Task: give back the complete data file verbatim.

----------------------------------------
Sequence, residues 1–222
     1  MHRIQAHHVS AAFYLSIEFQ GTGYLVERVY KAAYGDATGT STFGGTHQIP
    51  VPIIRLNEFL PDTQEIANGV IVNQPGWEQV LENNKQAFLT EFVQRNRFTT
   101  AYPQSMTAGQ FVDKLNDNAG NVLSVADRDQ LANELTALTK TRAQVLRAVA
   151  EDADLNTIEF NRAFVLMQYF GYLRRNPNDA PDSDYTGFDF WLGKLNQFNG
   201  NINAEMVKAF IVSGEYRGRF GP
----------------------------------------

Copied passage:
Sequence, residues 1–222
     1  MHRIQAHHVS AAFYLSIEFQ GTGYLVERVY KAAYGDATGT STFGGTHQIP
    51  VPIIRLNEFL PDTQEIANGV IVNQPGWEQV LENNKQAFLT EFVQRNRFTT
   101  AYPQSMTAGQ FVDKLNDNAG NVLSVADRDQ LANELTALTK TRAQVLRAVA
   151  EDADLNTIEF NRAFVLMQYF GYLRRNPNDA PDSDYTGFDF WLGKLNQFNG
   201  NINAEMVKAF IVSGEYRGRF GP